I was going to create a new blog focusing on New Testament Greek for beginners, or even those who had not yet begun. But I ran out of steam after just a few posts ... so I'm going to bring those articles over here instead.
Why should I, the busy pastor or teacher, study Greek and Hebrew? I will start this blog with a series seeking to provide convincing answers to that question.
We'll look at several positive reasons, and try to remove several common misunderstandings. But the quick, summary answer is: to be sure! To be certain!
Study the original languages to be sure. To be sure in your exegesis. To be sure in your preaching. To be able to say, "Thus says the Lord" with great courage and conviction.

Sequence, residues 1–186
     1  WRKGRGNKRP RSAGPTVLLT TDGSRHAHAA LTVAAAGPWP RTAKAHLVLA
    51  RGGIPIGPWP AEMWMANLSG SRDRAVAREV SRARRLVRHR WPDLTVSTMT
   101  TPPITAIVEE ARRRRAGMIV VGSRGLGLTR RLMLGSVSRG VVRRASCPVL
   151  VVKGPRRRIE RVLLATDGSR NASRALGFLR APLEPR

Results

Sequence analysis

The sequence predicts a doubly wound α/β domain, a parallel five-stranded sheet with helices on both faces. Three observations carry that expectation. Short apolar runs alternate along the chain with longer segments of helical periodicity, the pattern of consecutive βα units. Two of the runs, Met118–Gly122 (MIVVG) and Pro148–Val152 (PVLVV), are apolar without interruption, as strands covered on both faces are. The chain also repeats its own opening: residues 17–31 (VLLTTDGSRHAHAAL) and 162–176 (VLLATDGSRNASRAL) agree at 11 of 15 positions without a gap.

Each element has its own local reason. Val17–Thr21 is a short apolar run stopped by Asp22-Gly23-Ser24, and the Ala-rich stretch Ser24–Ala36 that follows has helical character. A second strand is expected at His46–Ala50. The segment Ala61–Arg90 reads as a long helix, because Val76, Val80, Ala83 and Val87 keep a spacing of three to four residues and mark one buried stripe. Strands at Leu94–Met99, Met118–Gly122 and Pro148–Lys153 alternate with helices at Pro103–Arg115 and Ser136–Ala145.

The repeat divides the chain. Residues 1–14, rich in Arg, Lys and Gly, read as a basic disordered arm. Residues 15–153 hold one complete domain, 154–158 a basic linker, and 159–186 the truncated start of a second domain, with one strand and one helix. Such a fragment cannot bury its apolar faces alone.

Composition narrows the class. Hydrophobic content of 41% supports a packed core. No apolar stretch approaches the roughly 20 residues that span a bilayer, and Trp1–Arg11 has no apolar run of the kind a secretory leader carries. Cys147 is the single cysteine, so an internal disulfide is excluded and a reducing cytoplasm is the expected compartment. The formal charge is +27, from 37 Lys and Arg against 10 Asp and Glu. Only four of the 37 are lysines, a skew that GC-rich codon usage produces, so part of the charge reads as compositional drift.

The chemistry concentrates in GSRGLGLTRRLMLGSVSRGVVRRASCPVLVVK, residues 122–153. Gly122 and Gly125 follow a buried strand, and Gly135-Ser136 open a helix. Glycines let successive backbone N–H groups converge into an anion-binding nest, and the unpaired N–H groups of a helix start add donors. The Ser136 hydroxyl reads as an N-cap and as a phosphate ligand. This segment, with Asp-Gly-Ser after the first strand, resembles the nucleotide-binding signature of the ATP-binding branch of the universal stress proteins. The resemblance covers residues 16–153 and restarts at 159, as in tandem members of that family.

Knowing Greek and Hebrew is not about learning some hidden language, some secret gnostic meaning within Scripture. If you hear someone say, "In the original Greek this actually means..." they are generally wrong. But knowing those languages is about being able to follow the author's line of thought. To do away with English ambiguities (even though they may be replaced by Greek ambiguities).
How important is this? Well, how important was the Reformation? Martin Luther said:
If the languages had not made me positive as to the true meaning of the word, I might have still remained a chained monk, engaged in quietly preaching Romish errors in the obscurity of a cloister; the pope, the sophists, and their anti-Christian empire would have remained unshaken.Knowing the Greek made him positive, made him certain, made him sure! Your congregation or your class deserve no less than the certainty that what you preach and teach is indeed what God has said.
From John Piper, Brothers, We Are Not Professionals.